Mormon Station park staff offering programs |

Mormon Station park staff offering programs

Staff Reports
Mormon Station State Historic Park Ranger Chris Johnson talks to visitors about the town in a May tour.
Kurt Hildebrand

For the first decade of its existence, Genoa was the commercial hub of early Nevada.

“And through most of the 1850s this was considered the most prominent settlement between the Sierra Nevada and Salt Lake,” Mormon Station State Historic Park Ranger Chris Johnson said during a May tour of the town.

Denizens of Salt Lake City were the first to colonize the spot nestled at the base of the Carson Range in Carson Valley.

“In the spring of 1851, John Reese puts together a party of 17 people and they load 12-13 wagons with goods, come out here and select this site, about a mile south of the original,” he said. “This is considered the first permanent, nonnative settlement in what is now known as Nevada.”

Today’s Mormon Station is a replica of the original structure, which housed a store, kitchen and a dining area. An enclosed area was designed to hold cattle and horses for sale.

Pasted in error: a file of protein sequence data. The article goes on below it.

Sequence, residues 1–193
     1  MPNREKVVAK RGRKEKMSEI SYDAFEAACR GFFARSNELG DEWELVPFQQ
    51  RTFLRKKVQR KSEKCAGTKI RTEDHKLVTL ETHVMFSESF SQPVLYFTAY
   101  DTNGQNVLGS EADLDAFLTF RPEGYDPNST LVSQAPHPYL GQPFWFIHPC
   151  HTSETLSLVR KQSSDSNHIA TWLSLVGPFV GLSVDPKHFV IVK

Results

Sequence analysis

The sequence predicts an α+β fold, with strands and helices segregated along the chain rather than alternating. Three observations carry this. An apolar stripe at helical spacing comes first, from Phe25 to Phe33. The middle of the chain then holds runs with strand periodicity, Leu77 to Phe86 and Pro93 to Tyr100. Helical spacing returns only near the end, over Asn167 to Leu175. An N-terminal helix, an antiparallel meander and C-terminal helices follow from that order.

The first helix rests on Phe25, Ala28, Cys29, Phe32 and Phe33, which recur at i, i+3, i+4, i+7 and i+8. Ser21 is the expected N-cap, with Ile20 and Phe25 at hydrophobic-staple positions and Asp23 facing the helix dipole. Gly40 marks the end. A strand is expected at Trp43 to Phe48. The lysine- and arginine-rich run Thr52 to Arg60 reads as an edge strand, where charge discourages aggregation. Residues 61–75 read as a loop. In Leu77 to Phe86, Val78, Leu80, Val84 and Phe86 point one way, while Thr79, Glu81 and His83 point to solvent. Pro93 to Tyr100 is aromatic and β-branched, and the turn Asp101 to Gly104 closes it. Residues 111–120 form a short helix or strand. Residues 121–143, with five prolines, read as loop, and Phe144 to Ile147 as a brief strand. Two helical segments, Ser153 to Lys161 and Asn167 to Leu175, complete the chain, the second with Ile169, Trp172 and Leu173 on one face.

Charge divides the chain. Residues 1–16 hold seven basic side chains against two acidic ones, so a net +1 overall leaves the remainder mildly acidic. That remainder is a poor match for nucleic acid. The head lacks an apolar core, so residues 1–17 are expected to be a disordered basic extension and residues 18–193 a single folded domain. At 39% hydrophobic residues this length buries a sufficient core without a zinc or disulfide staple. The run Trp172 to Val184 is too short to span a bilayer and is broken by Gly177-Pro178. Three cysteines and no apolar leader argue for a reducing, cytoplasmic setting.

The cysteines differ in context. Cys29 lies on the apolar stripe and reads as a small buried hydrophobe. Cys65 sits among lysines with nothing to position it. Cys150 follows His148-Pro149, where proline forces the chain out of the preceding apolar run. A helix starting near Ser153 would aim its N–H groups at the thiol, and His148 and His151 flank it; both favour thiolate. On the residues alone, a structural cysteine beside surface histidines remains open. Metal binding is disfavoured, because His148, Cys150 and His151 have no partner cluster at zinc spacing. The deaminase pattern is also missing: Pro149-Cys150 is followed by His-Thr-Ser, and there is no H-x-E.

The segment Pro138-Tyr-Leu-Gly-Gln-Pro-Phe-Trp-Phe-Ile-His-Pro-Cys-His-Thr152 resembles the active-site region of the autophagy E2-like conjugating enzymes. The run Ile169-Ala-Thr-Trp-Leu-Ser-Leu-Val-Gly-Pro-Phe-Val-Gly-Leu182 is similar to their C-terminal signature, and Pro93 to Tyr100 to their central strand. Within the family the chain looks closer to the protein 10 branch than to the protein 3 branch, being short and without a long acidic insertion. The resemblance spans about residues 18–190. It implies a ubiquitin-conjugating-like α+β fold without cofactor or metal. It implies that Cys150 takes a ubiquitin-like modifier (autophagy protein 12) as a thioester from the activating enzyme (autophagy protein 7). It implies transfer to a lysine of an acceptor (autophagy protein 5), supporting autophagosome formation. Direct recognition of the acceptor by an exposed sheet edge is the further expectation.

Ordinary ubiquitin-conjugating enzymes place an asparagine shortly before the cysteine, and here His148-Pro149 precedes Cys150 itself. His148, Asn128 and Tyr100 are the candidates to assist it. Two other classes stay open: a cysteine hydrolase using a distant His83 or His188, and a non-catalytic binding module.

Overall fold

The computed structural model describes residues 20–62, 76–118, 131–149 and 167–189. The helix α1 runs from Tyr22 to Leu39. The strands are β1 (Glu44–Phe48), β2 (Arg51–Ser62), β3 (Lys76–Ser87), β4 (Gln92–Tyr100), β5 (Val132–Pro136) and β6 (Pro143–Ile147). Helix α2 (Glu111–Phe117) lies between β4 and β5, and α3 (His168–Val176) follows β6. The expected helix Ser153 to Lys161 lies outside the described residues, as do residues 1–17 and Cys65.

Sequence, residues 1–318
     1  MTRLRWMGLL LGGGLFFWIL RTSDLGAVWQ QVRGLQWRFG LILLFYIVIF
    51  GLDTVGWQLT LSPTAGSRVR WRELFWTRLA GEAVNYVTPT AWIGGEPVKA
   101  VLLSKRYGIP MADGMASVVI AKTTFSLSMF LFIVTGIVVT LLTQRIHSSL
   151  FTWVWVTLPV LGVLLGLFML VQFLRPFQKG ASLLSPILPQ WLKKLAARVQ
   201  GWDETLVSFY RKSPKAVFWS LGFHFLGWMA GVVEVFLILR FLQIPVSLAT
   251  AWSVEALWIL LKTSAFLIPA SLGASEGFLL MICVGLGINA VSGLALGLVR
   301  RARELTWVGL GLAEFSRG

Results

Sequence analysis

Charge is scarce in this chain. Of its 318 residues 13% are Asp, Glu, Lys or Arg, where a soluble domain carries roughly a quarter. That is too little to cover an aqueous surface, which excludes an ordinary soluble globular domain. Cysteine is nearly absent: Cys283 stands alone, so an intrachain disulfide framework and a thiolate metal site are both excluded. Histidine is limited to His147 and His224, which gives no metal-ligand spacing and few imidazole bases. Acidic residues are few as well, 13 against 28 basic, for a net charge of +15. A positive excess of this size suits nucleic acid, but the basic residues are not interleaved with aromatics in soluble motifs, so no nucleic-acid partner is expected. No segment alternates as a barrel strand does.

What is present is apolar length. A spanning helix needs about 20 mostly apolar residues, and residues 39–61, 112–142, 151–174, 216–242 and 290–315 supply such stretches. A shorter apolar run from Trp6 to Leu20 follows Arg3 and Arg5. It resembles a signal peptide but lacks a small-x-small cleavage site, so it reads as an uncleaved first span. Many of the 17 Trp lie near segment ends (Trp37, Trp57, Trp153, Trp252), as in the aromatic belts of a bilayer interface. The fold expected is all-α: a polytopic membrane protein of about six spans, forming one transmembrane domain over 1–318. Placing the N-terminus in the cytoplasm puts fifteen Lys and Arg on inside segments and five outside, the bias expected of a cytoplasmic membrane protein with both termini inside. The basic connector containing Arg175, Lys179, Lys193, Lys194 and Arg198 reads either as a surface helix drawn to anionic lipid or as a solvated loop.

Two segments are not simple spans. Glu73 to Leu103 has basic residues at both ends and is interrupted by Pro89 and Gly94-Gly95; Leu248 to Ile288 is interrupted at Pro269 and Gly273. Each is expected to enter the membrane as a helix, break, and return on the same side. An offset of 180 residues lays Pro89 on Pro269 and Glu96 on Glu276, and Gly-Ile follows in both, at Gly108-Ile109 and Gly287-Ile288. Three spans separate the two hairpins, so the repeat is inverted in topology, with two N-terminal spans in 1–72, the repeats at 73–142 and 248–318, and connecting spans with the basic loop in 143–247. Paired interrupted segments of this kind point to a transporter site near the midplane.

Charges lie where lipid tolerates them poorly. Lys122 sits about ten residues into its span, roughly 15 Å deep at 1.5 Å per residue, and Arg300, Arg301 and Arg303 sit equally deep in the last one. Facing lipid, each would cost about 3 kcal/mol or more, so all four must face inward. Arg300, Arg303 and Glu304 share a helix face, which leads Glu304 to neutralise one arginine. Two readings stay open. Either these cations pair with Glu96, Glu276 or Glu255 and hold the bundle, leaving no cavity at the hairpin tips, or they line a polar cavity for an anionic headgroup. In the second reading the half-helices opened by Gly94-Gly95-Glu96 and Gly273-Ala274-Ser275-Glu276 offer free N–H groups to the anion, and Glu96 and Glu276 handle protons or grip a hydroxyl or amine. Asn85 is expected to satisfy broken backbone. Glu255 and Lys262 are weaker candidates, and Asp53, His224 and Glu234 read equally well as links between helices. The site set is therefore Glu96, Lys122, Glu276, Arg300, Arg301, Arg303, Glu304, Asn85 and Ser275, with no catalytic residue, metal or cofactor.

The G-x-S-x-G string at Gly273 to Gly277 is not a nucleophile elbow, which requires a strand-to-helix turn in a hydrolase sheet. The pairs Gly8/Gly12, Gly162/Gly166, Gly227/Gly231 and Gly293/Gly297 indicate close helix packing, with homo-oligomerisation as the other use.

While Reese and half of his party were Mormons, they really came out here on a business venture.

“In November 1851, when they decide they are going to stick it out, the 30-40 citizens living here at one of the first public meetings petition Washington to become their own territory.”

Mormon Station is a state park where several different interpretive programs are offered.

During the month of August, park staff hosts history talks, cooking classes, guided walks, and children’s arts and crafts activities.

The original trading post burned in the fire of 1910. The park’s main structure was built in 1947 and it became a state park in 1957.

Entrance into the park is free, but the museum costs $1.

■ Park History Walk

A park ranger offers a “behind the scenes” guided tour of the grounds of Mormon Station State Historic Park, where visitors can learn the history of 4-acre parcel of land. Participants will also tour park structures that are normally closed to the public.

Tours are 11:30 a.m.-noon Thursdays and Fridays as well as Aug. 11.

■ A history talk on braving the California Trail through Nevada is 11:30 a.m. today.